The first thing I notice about Lily Collins is that she’s cut her chestnut locks into a thick fringe. While it covers enough of her forehead to obscure her famously fluffy brows, the fresh look somehow feels remarkably fitting. It’s so fitting, in fact, that the moment when Emily in Paris costume designer Marylin Fitoussi laid eyes on it, she declared, “Oh, now I know where we’re going in season three for your character.” Emily Cooper wouldn’t exist without Lily Collins, but it’s Emily who gives us a glimpse into Collins’s most charismatic real-life qualities too. As showrunner Darren Star aptly put it, the success of a series like Emily in Paris stands on the shoulders of a single person. Enter Collins.
“Work is so much a part of who I am,” effuses a bubbly Collins. Of all the qualities they share, there’s one major resemblance that the actress bears to her starring character in Netflix’s smash-hit comedy series, and it’s the fact that they’re both exceptionally self-assured. “And I’m very much like my character [Emily]. I love what I do,” she continues. “I’m unapologetically work driven. But I’m also unapologetically life driven.” Just like it’s hard not to fall in love with the bright, bold, and eternally optimistic Emily—despite the bumps in her fish-out-of-water experience as an American living in France—it’s hard not to fall under the intoxicating spell of Collins. You see, the Emmy-nominated actress, budding producer, and Time100 Next recipient possesses a lightheartedness that’s impossible to ignore.
Photo:Daria Ritch; Styling: Blumarine jacket; Cartier necklace
When we connected over Zoom last month, her image appeared across my screen, and she was fresh-faced and clad in a simple crew-neck sweater. She was perched in the middle of a bed in the guest room of her Los Angeles home, a carefully chosen spot where there would be minimal noise since our conversation was also being recorded for the Who What Wear podcast. It’s that kind of thoughtfulness that makes Collins, well, Collins. Indeed, as soon as I brought up our cover shoot, she eagerly recounted the details of the day, insisting that she relished the chance to experiment with the grungier hair, makeup, and styling, which are—let’s be honest—a sharp departure from Collins’s more polished preferences. It’s at this moment that I get the sense that, when she shows up for something, she really shows up. Nothing is half-baked in the world of Lily Collins.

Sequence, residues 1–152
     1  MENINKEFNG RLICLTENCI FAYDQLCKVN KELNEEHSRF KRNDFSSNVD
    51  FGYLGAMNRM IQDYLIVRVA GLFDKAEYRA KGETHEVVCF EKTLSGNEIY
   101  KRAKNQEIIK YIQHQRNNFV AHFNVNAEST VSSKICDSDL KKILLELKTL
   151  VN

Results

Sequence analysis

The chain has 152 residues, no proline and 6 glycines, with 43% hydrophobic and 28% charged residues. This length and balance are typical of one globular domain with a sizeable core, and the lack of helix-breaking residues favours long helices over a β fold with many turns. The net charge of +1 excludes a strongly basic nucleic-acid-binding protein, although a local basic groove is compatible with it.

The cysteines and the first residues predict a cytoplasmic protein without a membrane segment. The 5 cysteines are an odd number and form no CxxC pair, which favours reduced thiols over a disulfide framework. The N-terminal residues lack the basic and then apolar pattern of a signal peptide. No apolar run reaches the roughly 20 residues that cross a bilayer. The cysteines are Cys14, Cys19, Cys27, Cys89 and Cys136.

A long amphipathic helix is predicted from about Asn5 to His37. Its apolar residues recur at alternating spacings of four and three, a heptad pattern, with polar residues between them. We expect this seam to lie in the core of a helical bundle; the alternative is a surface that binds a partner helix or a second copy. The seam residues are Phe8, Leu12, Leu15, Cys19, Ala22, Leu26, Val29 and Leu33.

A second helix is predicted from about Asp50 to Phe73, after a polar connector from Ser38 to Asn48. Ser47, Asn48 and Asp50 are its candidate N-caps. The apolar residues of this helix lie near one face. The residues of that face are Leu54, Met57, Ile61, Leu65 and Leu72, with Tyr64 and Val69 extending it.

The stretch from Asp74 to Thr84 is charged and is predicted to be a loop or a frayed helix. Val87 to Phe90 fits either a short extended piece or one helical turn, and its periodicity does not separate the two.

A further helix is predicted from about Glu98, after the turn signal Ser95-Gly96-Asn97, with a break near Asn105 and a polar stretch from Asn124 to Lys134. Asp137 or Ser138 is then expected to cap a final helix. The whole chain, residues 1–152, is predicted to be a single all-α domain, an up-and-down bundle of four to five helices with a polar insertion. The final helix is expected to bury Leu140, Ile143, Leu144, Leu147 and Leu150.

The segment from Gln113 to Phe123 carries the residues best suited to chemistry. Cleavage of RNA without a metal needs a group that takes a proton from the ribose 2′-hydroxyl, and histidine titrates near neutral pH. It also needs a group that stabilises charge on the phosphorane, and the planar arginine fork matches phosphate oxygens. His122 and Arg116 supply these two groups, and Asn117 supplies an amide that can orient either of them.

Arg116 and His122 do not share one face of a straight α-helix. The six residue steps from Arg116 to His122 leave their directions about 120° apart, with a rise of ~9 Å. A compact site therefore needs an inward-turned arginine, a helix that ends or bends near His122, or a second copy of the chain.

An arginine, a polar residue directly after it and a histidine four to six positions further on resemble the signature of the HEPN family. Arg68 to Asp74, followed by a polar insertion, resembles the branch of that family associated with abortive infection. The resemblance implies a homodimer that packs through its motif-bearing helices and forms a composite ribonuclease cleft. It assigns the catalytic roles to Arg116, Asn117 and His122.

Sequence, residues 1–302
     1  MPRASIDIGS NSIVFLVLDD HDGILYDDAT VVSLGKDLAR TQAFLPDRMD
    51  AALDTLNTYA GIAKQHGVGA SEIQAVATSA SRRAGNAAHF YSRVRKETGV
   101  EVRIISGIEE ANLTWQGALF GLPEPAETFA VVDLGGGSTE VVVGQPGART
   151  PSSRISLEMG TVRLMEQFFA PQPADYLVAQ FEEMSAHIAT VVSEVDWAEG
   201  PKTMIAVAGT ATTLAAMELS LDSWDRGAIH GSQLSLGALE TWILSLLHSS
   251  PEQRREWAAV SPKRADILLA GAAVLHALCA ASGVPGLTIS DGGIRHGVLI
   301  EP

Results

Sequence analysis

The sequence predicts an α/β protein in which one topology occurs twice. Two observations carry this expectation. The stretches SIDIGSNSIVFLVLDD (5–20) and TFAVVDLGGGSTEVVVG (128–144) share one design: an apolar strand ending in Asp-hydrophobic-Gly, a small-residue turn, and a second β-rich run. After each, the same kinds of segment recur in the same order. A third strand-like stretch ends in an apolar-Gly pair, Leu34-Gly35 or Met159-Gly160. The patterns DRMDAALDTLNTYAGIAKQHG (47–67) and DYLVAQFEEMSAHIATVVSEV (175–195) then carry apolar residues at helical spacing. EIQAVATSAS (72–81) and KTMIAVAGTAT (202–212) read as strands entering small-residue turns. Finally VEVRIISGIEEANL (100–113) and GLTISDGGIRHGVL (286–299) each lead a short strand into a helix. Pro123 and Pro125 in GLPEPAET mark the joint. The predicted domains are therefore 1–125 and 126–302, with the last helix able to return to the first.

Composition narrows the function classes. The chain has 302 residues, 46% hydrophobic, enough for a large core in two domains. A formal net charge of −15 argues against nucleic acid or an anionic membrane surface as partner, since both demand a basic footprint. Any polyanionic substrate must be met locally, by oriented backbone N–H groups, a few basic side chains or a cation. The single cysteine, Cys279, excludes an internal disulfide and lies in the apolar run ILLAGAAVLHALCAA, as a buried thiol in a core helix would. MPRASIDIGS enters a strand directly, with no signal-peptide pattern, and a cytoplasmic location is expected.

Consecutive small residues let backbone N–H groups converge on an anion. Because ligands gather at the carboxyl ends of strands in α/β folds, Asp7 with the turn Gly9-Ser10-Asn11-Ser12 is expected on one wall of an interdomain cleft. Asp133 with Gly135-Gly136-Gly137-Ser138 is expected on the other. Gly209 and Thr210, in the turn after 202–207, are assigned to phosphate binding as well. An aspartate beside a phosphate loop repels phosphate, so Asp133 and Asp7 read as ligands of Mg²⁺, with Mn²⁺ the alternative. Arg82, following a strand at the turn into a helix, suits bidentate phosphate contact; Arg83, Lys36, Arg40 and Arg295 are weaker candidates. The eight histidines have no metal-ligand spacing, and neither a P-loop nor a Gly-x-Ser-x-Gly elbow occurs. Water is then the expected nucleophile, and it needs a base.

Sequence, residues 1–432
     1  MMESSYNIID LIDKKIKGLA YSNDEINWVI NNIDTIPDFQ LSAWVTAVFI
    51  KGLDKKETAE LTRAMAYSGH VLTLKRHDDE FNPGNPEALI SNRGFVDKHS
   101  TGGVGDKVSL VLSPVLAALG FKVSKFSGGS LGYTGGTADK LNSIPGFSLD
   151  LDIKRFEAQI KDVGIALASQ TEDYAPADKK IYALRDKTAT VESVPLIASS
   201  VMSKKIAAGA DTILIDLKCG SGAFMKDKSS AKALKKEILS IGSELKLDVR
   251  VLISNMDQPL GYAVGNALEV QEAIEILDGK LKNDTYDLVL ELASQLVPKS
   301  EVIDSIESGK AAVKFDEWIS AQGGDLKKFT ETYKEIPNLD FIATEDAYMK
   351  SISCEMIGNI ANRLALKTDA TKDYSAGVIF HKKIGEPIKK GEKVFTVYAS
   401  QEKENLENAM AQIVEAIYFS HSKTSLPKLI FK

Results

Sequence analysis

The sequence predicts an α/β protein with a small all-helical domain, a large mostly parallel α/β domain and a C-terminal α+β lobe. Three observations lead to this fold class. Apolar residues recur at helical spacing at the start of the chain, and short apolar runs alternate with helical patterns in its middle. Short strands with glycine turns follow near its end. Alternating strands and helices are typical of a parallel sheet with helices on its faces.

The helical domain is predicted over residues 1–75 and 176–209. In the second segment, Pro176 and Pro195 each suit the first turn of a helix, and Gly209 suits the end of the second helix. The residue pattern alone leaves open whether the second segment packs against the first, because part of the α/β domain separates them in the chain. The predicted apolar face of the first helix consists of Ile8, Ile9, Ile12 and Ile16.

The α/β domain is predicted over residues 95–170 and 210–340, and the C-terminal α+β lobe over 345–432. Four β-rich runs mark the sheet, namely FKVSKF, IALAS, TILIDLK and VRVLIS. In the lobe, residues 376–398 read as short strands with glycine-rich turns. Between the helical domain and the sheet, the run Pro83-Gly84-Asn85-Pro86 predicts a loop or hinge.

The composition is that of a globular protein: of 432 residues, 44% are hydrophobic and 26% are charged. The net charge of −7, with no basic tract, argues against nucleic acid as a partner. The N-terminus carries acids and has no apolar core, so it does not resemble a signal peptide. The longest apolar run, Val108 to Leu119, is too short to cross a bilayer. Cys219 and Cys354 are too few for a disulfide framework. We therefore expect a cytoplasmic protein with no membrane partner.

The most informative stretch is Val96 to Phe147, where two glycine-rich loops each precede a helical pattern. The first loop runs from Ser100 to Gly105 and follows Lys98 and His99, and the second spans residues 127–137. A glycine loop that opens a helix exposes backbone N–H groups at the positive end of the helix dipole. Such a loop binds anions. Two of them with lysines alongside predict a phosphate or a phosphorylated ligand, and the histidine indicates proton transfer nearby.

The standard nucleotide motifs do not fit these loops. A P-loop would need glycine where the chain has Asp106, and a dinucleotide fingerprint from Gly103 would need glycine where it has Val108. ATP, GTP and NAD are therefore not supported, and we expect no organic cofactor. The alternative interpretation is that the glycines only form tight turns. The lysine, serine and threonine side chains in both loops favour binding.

Over the course of our hour-and-a-half-long conversation, I come to learn that there’s no topic too light or too deep for Collins, and the range of what we covered is a testament to that. No matter what we discussed—be it the polarized reception of Emily in Paris, her mix-breed rescue Redford, or the importance of going to therapy—Collins brought a certain levity to all subject matter. They say that how you do anything is how you do everything, and I’m beginning to get the idea that Collins does everything with curiosity and openness.
Despite being born in the English countryside to performer Phil Collins and Jill Tavelman, Collins spent most of her formative years in Los Angeles, where she went on to earn a degree in journalism from USC. As a teenager, Collins wrote a column, NY Confidential, for the British magazine Elle Girl. She has also written for Seventeen, Teen Vogue, and the Los Angeles Times. Although writing was one of her first creative outlets, Collins has never been a stranger to the camera—her first on-screen credit coming at the age of 2 for the BBC series Growing Pains. But it wasn’t until age 20 that Collins landed her breakout role in 2009’s The Blind Side, and she went on to star in audience favorites such as Mirror Mirror (2012), Love, Rosie (2014), and Rules Don’t Apply (2016), the latter of which earned her a Golden Globe nomination.
Photo:Daria Ritch; Styling: Christian Dior cutout top, jacket, and sunglasses; Coperni dress and hood; Miu Miu boots
Despite the many noteworthy roles under Collins’s belt, there’s no denying that playing Emily in Emily in Paris is the thing that has propelled the career actress to a new level of fame. Before the Netflix series, you may have known her for one of her many previous projects or perhaps simply for her consistently dazzling ensembles that have been a staple on red carpets for over a decade, but regardless, the name Lily Collins has officially reached household status.
The Emmy-winning show is irresistible in its sweetness and intoxicating in its optimism. The outfits alone, for which iconic Sex and the City wardrober Patricia Field was a consultant, are a feast for the eyes. In a single day, Emily might change three or four times, rotating between a series of looks that are highly color coordinated, rarely practical, and always finished off with towering heels and the latest It bag. “It’s a suspension of disbelief,” Collins says, speaking to some of the unrealistic elements that critics have been shouting about since the first season aired in 2020. It’s that total investment in the story line that separates the Emily in Paris lovers from the haters. “We want to have the fashion be the fashion. And maybe she has a storage unit somewhere,” she jokes.
Photo:Daria Ritch; Styling: Balmain top; Namilia top; Priscavera skirt; Diesel boots; Cartier rings
But in all seriousness, Collins seems to have an answer to the many criticisms the show faces. She tells me that from the get-go the aim was always to further explore French culture and the French language and infuse new ideas as the show progressed and received the green light for more seasons. “You only get to do a certain amount in season one,” she explains. “So when the show comes out and you have criticism/feedback, it’s an opportunity if you get to go to a season two to take note of what people thought, what their opinions were, what mattered to people, and what people were concerned about. That’s the beauty of listening to an audience and seeing what matters to people.” There it is, the infectious optimism of Collins.